Citation
Mohammed Garba, Salisu
(2008)
Mathematical Modeling and Analysis of Dengue Transmission Dynamics.
PhD thesis, Universiti Putra Malaysia.
Abstract
The work in this thesis is based on the design and analysis of suitable
compartmental deterministic models for the transmission dynamics of dengue
fever in a population. A basic dengue model which allows transmission by
exposed humans and mosquitoes is developed and rigorously analysed. The
model, consisting of seven mutuallyexclusive compartments representing the
human and vector dynamics, has a locallyasymptotically stable (LAS) diseasefree
equilibrium (DFE) whenever a certain epidemiological threshold, known as
the basic reproduction number (Ro) is less than unity. Further, the model exhibits
the phenomenon of backward bifurcation, where the stable DFE coexists with a
stable endemic equilibrium. The epidemiological consequence of this phenomenon is that the classical epidemiological requirement of making Ro less
than unity is no longer sufficient, although necessary, for effectively controlling
the spread of dengue in a community. The model is extended to incorporate an
imperfect vaccine against the strain of dengue. In both the original and the
extended models, it is shown, using Lyapunov function theory and LaSalle
Invariance Principle, that the backward bifurcation phenomenon can be removed
by substituting the associated standard incidence function with a mass action
incidence. In other words, in addition to establishing the presence of backward
bifurcation in models of dengue transmission, this study shows that the use of
standard incidence in modelling dengue disease causes the backward bifurcation
phenomenon of dengue disease.
The model is extended to include the dynamics of two strains of dengue disease.
The extended model has a locallyasymptotically stable, diseasefree equilibrium
(DFE) whenever the maximum of the associated reproduction numbers of the two
strains (denoted by Ro) is less than unity. It is also shown, using a Lyapunov
function and LaSalle Invariance Principle, that the DFE of the model, in the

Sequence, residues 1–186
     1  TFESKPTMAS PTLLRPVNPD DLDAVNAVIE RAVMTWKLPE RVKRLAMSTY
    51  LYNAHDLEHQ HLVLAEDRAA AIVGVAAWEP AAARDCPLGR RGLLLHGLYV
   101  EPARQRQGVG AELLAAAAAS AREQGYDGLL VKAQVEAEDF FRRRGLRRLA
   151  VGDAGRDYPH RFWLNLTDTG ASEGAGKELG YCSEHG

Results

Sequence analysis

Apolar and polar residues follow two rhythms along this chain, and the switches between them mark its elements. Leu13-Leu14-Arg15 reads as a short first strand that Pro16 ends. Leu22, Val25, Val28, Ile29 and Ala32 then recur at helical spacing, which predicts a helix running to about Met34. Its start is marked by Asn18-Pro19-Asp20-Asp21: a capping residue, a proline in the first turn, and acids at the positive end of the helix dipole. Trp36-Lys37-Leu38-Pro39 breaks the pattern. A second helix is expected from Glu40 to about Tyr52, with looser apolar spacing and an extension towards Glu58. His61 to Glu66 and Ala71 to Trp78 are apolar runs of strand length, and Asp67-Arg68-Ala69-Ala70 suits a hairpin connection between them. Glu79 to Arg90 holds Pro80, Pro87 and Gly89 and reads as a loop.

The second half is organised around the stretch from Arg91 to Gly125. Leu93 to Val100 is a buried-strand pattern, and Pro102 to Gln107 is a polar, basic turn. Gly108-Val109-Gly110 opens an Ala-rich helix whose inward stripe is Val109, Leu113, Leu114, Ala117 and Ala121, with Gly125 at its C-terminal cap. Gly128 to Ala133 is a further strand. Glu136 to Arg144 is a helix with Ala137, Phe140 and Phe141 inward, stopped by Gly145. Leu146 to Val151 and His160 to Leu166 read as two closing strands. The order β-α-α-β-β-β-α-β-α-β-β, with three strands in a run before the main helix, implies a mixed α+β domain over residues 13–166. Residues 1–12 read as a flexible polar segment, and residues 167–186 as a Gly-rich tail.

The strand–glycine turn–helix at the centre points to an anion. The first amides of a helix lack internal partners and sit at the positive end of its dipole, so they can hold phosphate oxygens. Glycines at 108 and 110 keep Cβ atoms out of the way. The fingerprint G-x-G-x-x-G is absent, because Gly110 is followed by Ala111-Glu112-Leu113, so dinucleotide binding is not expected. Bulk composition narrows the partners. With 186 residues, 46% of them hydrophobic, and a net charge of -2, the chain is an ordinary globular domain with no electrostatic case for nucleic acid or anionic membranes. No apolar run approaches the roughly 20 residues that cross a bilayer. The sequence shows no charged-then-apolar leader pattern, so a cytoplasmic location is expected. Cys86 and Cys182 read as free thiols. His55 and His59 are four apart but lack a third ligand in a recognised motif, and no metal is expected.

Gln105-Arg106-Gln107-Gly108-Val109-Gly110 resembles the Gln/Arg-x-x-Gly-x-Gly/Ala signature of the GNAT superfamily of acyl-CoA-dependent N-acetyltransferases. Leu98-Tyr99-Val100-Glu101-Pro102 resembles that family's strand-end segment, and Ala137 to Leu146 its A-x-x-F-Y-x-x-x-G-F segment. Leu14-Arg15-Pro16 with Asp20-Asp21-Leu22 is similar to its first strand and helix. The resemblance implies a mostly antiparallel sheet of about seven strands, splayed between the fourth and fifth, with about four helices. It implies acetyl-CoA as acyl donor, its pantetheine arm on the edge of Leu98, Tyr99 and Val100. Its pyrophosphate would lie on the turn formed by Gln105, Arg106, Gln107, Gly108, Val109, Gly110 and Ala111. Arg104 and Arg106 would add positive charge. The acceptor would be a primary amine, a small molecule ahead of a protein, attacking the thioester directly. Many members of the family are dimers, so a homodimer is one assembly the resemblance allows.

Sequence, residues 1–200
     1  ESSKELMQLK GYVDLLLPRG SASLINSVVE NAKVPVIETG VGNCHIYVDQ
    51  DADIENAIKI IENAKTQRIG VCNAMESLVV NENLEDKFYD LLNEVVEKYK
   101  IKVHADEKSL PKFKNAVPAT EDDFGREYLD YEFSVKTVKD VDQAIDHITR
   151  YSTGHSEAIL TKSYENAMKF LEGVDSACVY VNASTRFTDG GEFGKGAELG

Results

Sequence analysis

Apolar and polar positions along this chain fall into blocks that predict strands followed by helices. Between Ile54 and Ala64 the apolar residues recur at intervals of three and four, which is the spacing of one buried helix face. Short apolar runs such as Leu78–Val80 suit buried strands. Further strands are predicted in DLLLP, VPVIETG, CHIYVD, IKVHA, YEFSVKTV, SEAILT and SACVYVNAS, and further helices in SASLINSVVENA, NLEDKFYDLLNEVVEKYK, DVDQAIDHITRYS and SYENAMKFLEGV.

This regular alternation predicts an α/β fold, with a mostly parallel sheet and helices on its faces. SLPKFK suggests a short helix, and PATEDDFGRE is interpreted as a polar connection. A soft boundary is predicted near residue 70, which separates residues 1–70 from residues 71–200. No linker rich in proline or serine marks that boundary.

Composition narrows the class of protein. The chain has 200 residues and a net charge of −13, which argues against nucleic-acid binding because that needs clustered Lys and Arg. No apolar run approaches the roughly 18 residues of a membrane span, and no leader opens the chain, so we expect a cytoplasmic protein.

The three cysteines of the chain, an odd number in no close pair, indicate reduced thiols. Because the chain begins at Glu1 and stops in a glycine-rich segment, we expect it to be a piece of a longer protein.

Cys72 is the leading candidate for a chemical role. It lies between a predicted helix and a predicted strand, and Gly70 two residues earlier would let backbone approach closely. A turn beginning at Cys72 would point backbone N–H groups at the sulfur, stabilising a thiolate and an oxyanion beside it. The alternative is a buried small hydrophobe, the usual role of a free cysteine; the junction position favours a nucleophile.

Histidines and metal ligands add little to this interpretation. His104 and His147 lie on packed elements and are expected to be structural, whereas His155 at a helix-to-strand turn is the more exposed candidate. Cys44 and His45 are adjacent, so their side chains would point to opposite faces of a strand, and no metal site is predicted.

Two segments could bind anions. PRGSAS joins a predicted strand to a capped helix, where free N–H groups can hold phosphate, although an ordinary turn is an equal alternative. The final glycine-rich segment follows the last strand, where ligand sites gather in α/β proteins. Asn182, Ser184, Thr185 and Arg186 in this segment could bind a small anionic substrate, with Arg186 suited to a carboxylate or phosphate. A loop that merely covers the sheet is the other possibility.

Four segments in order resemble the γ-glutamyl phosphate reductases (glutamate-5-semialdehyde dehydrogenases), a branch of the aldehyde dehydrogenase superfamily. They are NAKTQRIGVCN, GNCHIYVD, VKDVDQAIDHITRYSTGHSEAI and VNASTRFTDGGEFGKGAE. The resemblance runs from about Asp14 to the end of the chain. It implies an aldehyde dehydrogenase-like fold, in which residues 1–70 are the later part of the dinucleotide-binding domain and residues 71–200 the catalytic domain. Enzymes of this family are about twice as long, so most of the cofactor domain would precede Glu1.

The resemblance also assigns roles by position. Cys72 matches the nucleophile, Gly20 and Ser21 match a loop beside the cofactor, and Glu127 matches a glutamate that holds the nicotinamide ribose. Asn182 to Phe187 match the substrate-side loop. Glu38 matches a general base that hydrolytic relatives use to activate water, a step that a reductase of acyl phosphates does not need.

absence of dengueinduced mortality, is globallyasymptotically stable whenever
Ro<1. The two strains coexist if the reproduction number of each strain exceeds
unity (and are different). For the case when the two reproduction numbers
exceed unity but are equal, a continuum of coexistence equilibria exists. The
impact of crossimmunity is explored for the case when Ro >1. It is shown that the model can have infinitely many coexistence equilibria if infection with one
strain confers complete immunity against the other strain. However, if infection
with one strain has no effect on susceptibility to the other strain, the model can
have a unique coexistence equilibrium. It is shown that crossimmunity could
lead to disease elimination, competitive exclusion or coexistence of the strains.
Further, the effect of seasonality on dengue transmission dynamics is explored
using numerical simulations. It is shown that the oscillation pattern differs
between the strains, both in their subharmonic periods and the relative phase of
cycles, depending on the degree of the crossimmunity between the strains.
Finally, a deterministic model for monitoring the impact of treatment and vector
control strategy on the transmission dynamics of dengue in the human and
vector populations is formulated. In addition to having a locallyasymptotically
stable diseasefree equilibrium (DFE) whenever Ro is less than unity, it is shown,
using a Lyapunov function and LaSalle Invariance Principle, and using
comparison theorem that the DFE of both treatmentfree and treatment model, in
the absence of dengueinduced mortality, is globallyasymptotically stable
whenever Ro <1; each of the models has a unique endemic equilibrium whenever
its reproduction number exceed unity. Numerical simulations shows that, the
use of vector control strategies can result in the effective control of dengue in a
community by reducing the population of susceptible and exposed mosquitoes.
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